Informational Site NetworkInformational Site Network
Privacy
 

Home Ghost Stories Categories Authors Books Search

Ghost Stories

The Four-fifteen Express
AMELIA B. EDWARDS The events which I am about to r...

The Wraith Of The Czarina
"In the exercise of his duties as one of the pages-in-w...

Sir George Villiers' Ghost
The variations in the narratives of Sir George Villiers...

The Canterville Ghost
BY OSCAR WILDE I When Mr. Hiram B. Otis, the Am...

The Dog O' Mause
Account of an apparition that appeared to William Souta...

The-devils-of-the-ocean
In the twenty-second year of the period Eternal-happi...

The Cow With The Bell
I had given a glass ball to the wife of a friend, whose...

The Devil Of Hjalta-stad {246}
The sheriff writes: "The Devil at Hjalta-stad was outs...

The Beresford Ghost
"There is at Curraghmore, the seat of Lord Waterford, i...

A School Story
Two men in a smoking-room were talking of their private...





The Credulous Peasants






No longer ago than the year 1788, when the husbandmen of Paris suffered
so severely by the devastation on the 13th of July in that year, many of
the farmers were positively so superstitious at their own created fears,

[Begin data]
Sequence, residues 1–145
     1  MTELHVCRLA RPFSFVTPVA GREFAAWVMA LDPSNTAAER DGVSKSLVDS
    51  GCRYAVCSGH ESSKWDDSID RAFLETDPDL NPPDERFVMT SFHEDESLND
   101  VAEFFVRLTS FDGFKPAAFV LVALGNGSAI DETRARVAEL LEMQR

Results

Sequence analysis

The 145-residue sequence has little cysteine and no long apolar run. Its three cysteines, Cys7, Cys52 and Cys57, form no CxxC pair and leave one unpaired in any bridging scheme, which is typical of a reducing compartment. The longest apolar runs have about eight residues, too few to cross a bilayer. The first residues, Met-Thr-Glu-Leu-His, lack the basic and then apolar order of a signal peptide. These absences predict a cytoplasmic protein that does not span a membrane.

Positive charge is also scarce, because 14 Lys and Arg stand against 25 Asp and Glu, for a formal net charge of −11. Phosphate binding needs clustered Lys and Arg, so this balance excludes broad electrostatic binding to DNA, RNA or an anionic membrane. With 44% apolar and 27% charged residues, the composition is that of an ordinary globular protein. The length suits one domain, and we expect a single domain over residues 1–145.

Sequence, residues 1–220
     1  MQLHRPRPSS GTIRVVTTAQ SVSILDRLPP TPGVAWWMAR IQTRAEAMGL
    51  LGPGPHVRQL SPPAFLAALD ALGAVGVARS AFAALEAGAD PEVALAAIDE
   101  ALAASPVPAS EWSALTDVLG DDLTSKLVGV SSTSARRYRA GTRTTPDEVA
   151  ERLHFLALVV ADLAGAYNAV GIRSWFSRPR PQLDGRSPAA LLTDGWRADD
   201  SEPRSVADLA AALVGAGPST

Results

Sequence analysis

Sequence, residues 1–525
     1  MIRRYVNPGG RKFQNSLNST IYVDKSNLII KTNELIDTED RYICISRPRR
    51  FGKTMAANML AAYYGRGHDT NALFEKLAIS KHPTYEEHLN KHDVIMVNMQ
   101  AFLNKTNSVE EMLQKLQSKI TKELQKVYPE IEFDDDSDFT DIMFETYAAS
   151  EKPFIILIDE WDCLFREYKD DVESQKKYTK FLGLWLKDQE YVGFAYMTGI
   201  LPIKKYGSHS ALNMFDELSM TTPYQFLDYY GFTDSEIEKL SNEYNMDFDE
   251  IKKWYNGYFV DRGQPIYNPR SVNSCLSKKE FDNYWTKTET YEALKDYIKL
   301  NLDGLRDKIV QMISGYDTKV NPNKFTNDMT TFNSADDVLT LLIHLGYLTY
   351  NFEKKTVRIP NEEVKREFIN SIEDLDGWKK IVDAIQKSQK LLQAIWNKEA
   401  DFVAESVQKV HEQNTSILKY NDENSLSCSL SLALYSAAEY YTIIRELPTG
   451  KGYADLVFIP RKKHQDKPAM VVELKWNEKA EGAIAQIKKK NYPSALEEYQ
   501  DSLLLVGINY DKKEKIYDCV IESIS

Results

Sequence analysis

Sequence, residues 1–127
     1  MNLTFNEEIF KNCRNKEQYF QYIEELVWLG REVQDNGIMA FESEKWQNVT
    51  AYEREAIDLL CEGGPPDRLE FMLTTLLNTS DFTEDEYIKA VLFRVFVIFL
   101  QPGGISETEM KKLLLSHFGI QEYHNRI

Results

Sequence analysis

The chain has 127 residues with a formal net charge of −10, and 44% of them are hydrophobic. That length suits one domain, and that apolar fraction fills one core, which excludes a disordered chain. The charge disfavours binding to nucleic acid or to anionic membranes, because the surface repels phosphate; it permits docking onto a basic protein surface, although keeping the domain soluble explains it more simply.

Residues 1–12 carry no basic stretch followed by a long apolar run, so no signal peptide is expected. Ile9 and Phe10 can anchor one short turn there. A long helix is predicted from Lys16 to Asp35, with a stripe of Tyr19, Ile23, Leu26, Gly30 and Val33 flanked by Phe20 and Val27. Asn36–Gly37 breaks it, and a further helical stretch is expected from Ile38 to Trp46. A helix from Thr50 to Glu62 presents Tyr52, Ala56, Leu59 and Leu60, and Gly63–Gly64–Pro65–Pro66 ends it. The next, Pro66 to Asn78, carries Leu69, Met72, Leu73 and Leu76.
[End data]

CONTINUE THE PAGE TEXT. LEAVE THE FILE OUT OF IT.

that, notwithstanding considerable sums were offered to indemnify them
for their losses, and to encourage them to carry on with spirit the
cultivation of their lands, with new seeds, new implements, &c. they
peremptorily refused, on account of a foolish report that was then
prevalent in some parts of the country where the storm happened. They
said, that two giants were seen peeping out of the clouds, and
threatening, with terrible countenances, gigantic frowns, and
high-sounding words, that they would return next year on the same
thirteenth day of July, with a greater scourge than they then felt.
Terrified either at the imagined report, or at the fancied sight of the
giants (which terror and a weak brain will often produce), many of the
unhappy sufferers abandoned their houses, and commenced beggars, rather
than return to the labours of the field: so great was their affright,
in consequence of that tremendous storm.

This story, though hardly credible, may be depended on as a fact, and
may be seen in many of the public prints of that time.





Next: The Nocturnal Disturbers

Previous: The School-boy Apparition



Add to del.icio.us Add to Reddit Add to Digg Add to Del.icio.us Add to Google Add to Twitter Add to Stumble Upon
Add to Informational Site Network
Report
Privacy
SHAREADD TO EBOOK